- flying shoes art studio
- Guymon, Oklahoma, United States
- I am blessed to live where my grandfather homesteaded, to have three beautiful daughters who are my best friends, to have six delightful grandchildren who live nearby, to be married to my sweetheart of 35 years and to thrill to the special magic of creating my own works of art. I'll never cease to thrill to witnessing new ideas and images come to life from the point of a pencil or splash of a brush. I am blessed.
Sunday, February 19, 2017
This is the first invitation I've gotten for 2017 but spring and summer shows are just now contacting their invited artists. Fingers crossed for another fabulous summer of traveling the country and meeting new people. I'm living the dream!
Wednesday, February 08, 2017
I am busy printing, cutting and packaging my personalized bookplates for friends, coworkers and family. I scan my drawing, format the drawing in Photoshop and then add "this book belongs to" with the names of my recipients.
These bookplates are printed on 8.5" x 11" adhesive labels I purchase on Amazon. I like to use adhesive sheets that don't have any writing on the back.
After the sheets are printed, I then cut them in uniform sizes and package them in little vellum paper pockets I cut and build myself. I like to include a small card in each pocket which explains the story behind the drawing and a little history of bookplates.
I typically create my bookplates as Christmas gifts but this year I was so busy with commission artwork it just had to wait until now.
Saturday, January 21, 2017
Friday, January 20, 2017
Theatrical Flots & Jets
10" x 10"
2016 Stipple Ink Bookplate
For the last 12 years I have created an intricate ink drawing while teaching my students an ink unit. I have usually used stippled ink which means the entire image is created with zillions of tiny dots. This is my latest ink drawing which I will now reproduce on adhesive labels and personalize as bookplates for my family, friends and coworkers.
Bookplates are personalized labels used to identify book ownership are glued into the first page of a treasured book. As a teacher I love creating something personal for fellow book lovers.
Each year I try to create a drawing that somehow commemorates the past year. For my 2016 drawing I wanted to celebrate an amazing year of theater. My husband and I love theater and during the summer we got to travel and see nine Broadway shows and attend the amazing Oregon Shakespeare Festival. I also got back in the director's chair and directed a huge production of "Man of La Mancha." We were thrilled to watch our oldest grandson discover theater and perform a lead in a local production, my husband directed a winning high school one-act play and perhaps the best (tho admittedly not theatrical) production of the year was our newest grandson.
With so much to capture I decided to build my drawing as a nine sectioned memory box and to draw little mementos of each of the productions from the year. Each little section features images that represent one or more production.
After drawing out the shape of the memory box I started collected items to draw that represented each of the productions. Some of the shows were easy to depict while others took some thinking. I wanted the overall look of the finished drawing to be like a keepsake collection with some items pinned to the frame and others piled up in the individual boxes.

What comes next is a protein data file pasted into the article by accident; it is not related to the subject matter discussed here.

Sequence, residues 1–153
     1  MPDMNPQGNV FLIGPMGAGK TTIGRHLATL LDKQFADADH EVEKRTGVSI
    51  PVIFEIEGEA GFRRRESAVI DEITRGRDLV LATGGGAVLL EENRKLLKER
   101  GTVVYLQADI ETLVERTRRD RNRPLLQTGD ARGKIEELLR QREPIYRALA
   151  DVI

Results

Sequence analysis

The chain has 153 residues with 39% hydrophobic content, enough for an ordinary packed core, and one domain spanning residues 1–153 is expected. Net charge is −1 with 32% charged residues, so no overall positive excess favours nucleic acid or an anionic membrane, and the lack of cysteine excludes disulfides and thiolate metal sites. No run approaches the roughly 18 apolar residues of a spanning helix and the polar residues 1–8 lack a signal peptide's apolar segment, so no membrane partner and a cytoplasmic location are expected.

The first section of the memory box represents "Man of La Mancha" which proved to be an enormous undertaking. I soon discovered that I needed to build up very dark values to create the illusion of the different sections of the box. Creating such dark values required far more individual dots piled on top of each than I had previously used. So this piece is by far the most time consuming stipple piece I've ever created.
One of favorite sections of the drawing in the little dinosaur and wooden blocks in the final section of the box. My newest grandson's nursery is filled with dinosaurs so this symbolizes him. I included a number 6 since his is our 6th grandchild and the C is the first initial of his first name, Calvin.
I always try to challenge myself each year when I create this annual, ink piece. It seemed I outdid my challenges this year with so many different objects. I was concerned about the 10 dollar bill with Alexander Hamilton's picture on top but it was really fun to do.
One of the fun things about creating these personal drawings is I can hide all sorts of little things around the work. For instance, the serial numbers on the money are special dates, the clock face has a family birthday, etc.
I titled the piece "Theatrical Flots and Jets." While I was working on the drawing I came across the term Flotsam and Jetsam which are nautical terms for trash and odds and ends that are thrown overboard or jettisoned out of ships. The term has been picked up by collectors and photographers around the country to describe insignificant keepsakes and collected treasures. In fact, there is a hashtag called #fjnine which is used all over the internet to tag photos comprised of nine photos of these kind of odd collections.
Here is a description of what I have drawn and why. It's lengthy but if you are interested, please read on -
"Man of La Mancha" includes a book, a windmill, a torn paper reading "Dream" and that unreachable star